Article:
Recently, the legal industry media included a story on the success of a law firm in building trust with its clients. The story described how the international law firm had determined that publishing financial statements about its condition and performance would enhance the trust clients placed in the law firm. Interesting story, I mused, so I clicked. Lo and behold, the law firm was the institution from which I walked away from the practice of law in 2006.
The law firm’s website features videos of its chairman describing their perspective and values. The key element that jumped out at me was transparency. Though the law firm is a private legal entity with no obligation to publish its financial performance, the firm had determined that creating the transparency of sharing its financial performance would improve client loyalty and satisfaction.
But why does transparency enhance loyalty? How does disclosure improve trust? As my new book explains in detail, our evaluations of any entity or thing—a hammer, a law firm, a website, or a digital information asset—requires criteria with which to conduct the evaluation. Those criteria are the rules we have organized against which to evaluate the target. When a target conforms to our rules, we reach an affirmative conclusion of trust. When the target does not conform, then several baskets of alternative strategies and criteria come into play.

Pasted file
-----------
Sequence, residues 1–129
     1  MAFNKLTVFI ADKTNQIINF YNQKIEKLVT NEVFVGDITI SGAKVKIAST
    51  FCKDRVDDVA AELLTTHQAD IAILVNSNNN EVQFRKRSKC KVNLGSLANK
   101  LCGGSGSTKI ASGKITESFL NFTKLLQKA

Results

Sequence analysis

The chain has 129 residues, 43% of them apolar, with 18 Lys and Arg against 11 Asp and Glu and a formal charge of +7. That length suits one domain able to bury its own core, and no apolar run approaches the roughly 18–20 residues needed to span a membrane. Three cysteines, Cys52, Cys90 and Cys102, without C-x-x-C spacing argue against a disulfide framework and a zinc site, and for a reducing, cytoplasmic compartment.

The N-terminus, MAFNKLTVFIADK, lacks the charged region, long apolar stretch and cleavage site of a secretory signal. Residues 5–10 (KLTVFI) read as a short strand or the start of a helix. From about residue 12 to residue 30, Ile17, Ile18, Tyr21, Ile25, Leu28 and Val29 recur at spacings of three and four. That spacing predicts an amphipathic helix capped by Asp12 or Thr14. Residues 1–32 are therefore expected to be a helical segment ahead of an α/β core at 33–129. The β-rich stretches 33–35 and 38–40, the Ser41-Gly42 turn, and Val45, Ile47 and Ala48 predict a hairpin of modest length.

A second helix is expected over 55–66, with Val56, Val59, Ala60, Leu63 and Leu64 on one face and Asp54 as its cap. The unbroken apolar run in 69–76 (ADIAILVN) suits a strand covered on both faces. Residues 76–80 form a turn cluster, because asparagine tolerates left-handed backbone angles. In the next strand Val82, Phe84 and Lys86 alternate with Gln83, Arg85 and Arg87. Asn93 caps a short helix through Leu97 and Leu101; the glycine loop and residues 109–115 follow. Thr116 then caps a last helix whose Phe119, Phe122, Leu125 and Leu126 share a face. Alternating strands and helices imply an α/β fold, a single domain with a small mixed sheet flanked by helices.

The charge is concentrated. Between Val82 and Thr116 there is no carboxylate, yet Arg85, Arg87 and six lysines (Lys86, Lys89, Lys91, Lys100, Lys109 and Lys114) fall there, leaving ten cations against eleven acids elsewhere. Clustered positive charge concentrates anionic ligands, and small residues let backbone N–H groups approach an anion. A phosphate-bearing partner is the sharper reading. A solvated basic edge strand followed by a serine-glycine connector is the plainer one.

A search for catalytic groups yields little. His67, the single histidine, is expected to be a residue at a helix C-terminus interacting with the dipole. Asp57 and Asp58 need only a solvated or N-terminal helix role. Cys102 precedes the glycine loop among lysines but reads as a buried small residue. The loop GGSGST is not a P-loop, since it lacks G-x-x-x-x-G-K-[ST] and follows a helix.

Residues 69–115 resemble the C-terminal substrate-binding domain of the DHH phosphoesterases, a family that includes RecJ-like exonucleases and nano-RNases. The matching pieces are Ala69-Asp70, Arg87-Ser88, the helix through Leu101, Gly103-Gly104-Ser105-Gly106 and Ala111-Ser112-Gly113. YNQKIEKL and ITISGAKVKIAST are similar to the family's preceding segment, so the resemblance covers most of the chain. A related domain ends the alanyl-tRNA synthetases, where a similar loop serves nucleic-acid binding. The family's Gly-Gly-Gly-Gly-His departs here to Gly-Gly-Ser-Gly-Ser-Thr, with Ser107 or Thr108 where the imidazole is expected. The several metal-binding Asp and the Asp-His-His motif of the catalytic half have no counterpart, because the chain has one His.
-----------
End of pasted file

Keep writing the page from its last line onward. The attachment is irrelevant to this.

So, behind the law firm’s disclosures was a more important awareness that large corporations—the key clients of any international law firm—have been building their own rules with which to more vigorously assess the trustworthiness of a law firm into which they may invest their corporate future. These rules include new criteria for evaluating the financial condition of the law firm, just as the corporations may also evaluate the financial condition of any other strategic business partner.
The law firm, by being among the first to publish and share its financial information, was actually pushing forward the timetable by which existing and future clients may place financial condition among their criteria for evaluating law firms. By doing so, the law firm was actually raising the bar, and gently creating greater trust in the firm by its clients.
What is the simple lesson of this anecdote? Transparency matters. Across our organized systems of law, and our organized systems of rules by which digital assets connect, transparency (or the lack of transparency) is often the basis of some of the great battles. But transparency eventually always wins—our instinct is to ask questions about the target we are being asked to trust. If the answers are not there, due to a lack of transparency, we turn to the options that offer the answers. Transparency inherently attracts customer loyalty. Transparency is what enables trust evaluations to be made.